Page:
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Hello!

We're finishing off our Aerospace Vehicle Design coursework - the conceptual design of a 88-seat regional jet. I am respponsible for wing & flap design and the aerodynamic analysis. In a few hours I'll have to hand in my report, but I have no idea whether the values I calculated are realistic or not. This is where I need your help. Could anyone give me some indication whether or not these results are acceptable?

1) Cruise

lift coefficient = 0.323

maximum lift coefficient of wing = 1.25

total drag coefficient = 0.0265

L/D = 12.18

angle of attack (wing mean aerodynamic chord) = 2 degrees

2) takeoff - before rotation

lift coefficient = 0.948

maximum lift coefficient with flaps = 1.47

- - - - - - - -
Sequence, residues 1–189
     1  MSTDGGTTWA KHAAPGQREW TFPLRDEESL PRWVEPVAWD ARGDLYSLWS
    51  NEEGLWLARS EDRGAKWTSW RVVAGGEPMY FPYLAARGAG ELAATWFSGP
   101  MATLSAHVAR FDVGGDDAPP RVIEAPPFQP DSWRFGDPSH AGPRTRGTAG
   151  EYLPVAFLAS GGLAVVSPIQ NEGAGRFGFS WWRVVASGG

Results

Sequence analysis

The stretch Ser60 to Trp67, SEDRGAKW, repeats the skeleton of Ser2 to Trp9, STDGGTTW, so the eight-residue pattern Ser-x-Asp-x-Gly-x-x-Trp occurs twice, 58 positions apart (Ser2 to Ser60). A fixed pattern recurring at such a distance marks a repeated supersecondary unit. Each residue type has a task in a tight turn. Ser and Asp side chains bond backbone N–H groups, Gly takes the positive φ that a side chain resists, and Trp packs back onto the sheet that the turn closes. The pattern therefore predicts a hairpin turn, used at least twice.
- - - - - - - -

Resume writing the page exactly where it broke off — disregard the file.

zero lift drag coefficient (Cd0) = 0.0963

L/D = 6.09 (ignoring trim drag)

3) liftoff

lift coefficient = 1.215

angle of attack (wing MAC) = 4.38 degrees

4) initial climb (with takeoff flaps)

lift coefficient = 1.021

angle of attack (wing MAC) = 2.651 degrees

5) approach

lift coefficient = 1.23

max lift coefficient with flaps = 2.077

angle of attack (wing MAC) = -0.091 degrees

zero lift drag coefficient = 0.1115

L/D = 5.814 (ignoring trim drag)

6) above runway / just before touchdown

lift coefficient = 2.077

angle of attack (wing MAC) = 7.45 degrees

The wing is mounted at an angle of attack of 2 degrees towards the fuselage, so if you are a pilot, you'd experience 0 AoA during cruise, -2 degrees on approach, 5 degrees on touchdown etc. etc.

The reason why I'm asking is that some of the zero-lift drag values cause problems in performance analysis - my coworkers suggested they'd prefer the values to be 100 times less, because otherwise they get impossible results?

Anyway, I'd really appreciate if someone could point out whether any of these values are orders of magnitude away from what they should be, or roughly acceptable... so I can (if necessary) point out in the report that I believe the values to be right/wrong

Cheers

Regards

Ikarus